Paterson inspired me to rethink my processes and deconstruct the excuses I’ve made for myself with regards to writing. So, in that sense, I can recommend it to writers interested in the portrayal of the day-to-day experiences of a poet who writes primarily for himself. To others, I will recommend it as a quiet journey and celebration of life’s routine.

Embarrassing First Lines

By: Sydney Lauro

A few years ago, my mom found an old composition notebook of mine from when I was a wee tike. In it, there was one entry that struck her. It said something like: “Meghan (my sister) says if I try hard one day I might write good.” Even little me knew that I wanted to be a novelist. The phases of me wanting to be a pediatrician, an architect, a buyer / business lady wouldn’t last. What parent wouldn’t be proud of their kid throwing away money and stability for books and an inevitable prescription for glasses?

Well, my mom was thrilled. She had read every crappy novel I ever wrote, and she was still like, “Go, Sydney! Live your dream!”

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(Creative Commons/ Flickr)

And I believe that she was right to do so. I’ve come a long, long way. It’s a history I’m both mortified and thrilled to share. So, here goes:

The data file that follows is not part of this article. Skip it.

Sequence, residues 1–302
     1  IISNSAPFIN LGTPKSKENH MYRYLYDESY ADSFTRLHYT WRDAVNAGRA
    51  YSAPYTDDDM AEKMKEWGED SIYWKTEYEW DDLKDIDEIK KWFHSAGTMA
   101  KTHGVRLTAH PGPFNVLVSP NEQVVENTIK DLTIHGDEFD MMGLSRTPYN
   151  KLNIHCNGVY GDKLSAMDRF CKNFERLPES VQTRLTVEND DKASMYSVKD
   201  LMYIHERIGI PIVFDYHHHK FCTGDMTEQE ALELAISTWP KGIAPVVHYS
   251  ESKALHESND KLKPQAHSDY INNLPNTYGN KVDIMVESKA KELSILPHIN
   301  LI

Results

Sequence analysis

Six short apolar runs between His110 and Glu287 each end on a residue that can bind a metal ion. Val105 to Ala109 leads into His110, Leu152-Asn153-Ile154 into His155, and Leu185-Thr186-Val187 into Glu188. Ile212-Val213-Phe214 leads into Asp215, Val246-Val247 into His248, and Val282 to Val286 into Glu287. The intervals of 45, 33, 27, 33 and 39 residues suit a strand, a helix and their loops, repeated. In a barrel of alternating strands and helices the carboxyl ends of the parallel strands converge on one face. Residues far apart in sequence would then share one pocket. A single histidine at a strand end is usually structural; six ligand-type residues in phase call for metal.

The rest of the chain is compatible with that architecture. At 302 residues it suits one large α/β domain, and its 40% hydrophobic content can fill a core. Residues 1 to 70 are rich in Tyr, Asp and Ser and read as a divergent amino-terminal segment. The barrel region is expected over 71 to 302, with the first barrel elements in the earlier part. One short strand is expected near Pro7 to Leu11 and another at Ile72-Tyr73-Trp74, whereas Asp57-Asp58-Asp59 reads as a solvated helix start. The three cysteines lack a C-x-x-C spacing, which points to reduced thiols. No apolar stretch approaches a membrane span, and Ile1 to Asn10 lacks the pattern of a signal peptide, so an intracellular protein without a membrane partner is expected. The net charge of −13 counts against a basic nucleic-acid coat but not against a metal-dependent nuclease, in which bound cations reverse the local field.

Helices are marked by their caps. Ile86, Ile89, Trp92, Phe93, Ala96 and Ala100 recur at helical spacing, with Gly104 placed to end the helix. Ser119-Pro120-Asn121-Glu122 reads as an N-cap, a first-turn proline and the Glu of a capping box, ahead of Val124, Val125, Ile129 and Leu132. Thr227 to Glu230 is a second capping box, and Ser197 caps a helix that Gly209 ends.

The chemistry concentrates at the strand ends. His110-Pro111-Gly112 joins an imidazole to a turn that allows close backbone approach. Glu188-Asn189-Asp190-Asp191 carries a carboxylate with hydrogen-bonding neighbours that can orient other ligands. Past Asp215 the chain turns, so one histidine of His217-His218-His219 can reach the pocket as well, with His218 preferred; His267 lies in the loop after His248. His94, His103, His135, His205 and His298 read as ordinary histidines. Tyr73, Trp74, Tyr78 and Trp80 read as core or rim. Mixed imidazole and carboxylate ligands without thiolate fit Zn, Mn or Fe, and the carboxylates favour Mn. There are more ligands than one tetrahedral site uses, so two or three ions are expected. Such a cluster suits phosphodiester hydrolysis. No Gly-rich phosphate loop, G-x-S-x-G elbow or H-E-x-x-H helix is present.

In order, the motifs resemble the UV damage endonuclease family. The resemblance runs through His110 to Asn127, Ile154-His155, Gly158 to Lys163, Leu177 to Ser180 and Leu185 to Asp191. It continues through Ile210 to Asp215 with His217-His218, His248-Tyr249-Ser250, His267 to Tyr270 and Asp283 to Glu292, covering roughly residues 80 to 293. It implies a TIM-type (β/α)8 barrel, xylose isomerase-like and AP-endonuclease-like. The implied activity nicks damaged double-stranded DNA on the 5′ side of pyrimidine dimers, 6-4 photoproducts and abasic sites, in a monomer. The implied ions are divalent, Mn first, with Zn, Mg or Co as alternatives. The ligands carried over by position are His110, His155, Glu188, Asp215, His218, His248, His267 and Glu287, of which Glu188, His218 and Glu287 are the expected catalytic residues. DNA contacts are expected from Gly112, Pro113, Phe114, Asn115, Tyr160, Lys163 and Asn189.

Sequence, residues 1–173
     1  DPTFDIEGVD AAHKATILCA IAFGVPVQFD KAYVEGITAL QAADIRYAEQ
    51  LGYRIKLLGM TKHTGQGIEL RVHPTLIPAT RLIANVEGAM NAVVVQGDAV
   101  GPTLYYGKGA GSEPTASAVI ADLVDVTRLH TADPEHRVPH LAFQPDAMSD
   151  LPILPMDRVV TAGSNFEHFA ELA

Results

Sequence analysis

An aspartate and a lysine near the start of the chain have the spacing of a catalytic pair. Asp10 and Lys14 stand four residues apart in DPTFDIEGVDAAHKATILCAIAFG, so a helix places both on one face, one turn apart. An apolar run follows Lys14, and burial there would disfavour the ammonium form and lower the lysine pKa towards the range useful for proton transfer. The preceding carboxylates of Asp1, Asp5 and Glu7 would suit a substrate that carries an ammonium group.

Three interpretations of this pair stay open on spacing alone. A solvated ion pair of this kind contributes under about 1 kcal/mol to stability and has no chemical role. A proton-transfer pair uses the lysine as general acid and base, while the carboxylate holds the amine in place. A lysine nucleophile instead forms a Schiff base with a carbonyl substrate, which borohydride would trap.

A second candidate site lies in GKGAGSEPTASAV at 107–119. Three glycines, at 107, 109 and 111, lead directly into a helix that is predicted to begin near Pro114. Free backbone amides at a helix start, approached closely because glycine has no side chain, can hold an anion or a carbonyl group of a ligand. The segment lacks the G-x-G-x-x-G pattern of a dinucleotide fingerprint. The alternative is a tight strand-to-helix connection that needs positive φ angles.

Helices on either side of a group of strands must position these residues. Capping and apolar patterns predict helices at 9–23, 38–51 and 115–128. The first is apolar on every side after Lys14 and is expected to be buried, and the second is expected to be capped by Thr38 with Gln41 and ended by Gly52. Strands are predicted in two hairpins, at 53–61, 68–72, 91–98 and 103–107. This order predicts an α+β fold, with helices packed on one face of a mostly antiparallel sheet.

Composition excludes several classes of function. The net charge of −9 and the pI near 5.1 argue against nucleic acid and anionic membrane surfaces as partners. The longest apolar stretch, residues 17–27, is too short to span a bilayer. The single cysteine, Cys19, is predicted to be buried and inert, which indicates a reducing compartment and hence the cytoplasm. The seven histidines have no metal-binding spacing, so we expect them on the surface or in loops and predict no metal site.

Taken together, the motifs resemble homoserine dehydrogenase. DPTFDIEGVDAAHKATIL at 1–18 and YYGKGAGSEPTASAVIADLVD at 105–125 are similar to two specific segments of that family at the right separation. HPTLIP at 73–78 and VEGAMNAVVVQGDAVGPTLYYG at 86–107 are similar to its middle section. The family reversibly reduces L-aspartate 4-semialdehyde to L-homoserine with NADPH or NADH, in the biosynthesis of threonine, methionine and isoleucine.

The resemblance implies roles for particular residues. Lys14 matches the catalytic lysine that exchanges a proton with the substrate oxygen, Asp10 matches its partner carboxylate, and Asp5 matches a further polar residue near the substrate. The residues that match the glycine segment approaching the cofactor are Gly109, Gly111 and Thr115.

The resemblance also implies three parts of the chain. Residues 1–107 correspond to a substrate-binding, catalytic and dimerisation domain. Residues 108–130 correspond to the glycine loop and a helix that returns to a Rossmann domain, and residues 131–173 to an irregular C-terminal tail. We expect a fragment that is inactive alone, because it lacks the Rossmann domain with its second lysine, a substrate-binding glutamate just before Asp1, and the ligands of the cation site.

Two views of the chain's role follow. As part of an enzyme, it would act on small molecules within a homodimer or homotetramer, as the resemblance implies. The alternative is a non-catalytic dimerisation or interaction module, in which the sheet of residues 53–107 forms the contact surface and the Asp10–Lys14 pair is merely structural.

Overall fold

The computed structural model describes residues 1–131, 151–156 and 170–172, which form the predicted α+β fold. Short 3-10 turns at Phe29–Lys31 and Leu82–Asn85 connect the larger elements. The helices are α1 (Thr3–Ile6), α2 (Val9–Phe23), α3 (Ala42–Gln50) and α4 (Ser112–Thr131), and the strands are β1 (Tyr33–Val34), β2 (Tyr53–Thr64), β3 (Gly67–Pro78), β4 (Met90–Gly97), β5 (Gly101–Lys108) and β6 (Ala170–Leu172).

It all began a long time ago with a fantasy novel I wrote and re-wrote a few times before finishing. It’s called Sarma. The first line was: “The rain soaked my auburn hair, and the tiny droplets of water destroyed my fabulous silk robes.” Yikes. A little melodramatic, and not very original or interesting. But hey, at least I didn’t write a character exactly like me. Auburn hair and fab silk robes? That ain’t me.

When I was 13, I was still a little stuck. In a book labeled “Love Story 2009,” we get: “The raindrops were like bullets ricocheting off the mansions rooftop.” Rain again? This was also back when I was thinking, “wow love stories are the way to go.”

The same year I decided to write something called To the Stars With Difficulty (who knows why that title) and I diverged from the rain trope, electing to go with: “My name is Cadence, Cadence Morgan Foxwood.” While I admit that’s a great name, it’s no call to read. There’s nothing at stake. What’s to separate Cadence Foxwood from Alex Chase? Carmody Evans? She might as well be Jane Doe. Jane Doe might even be more interesting.

’09 must have been a big year for me because I also started a project called Dreamweaver. “The Suburban street flashed by outside the car window, and I ducked down, out of sight, from the children playing foolish games like street hockey and tag.” Oh those hooligans! Playing street hockey? And tag? The nerve! I think it’s obvious that teenage me had some angst and wasn’t the most social creature (I mean, I wrote the greater part of three books that year).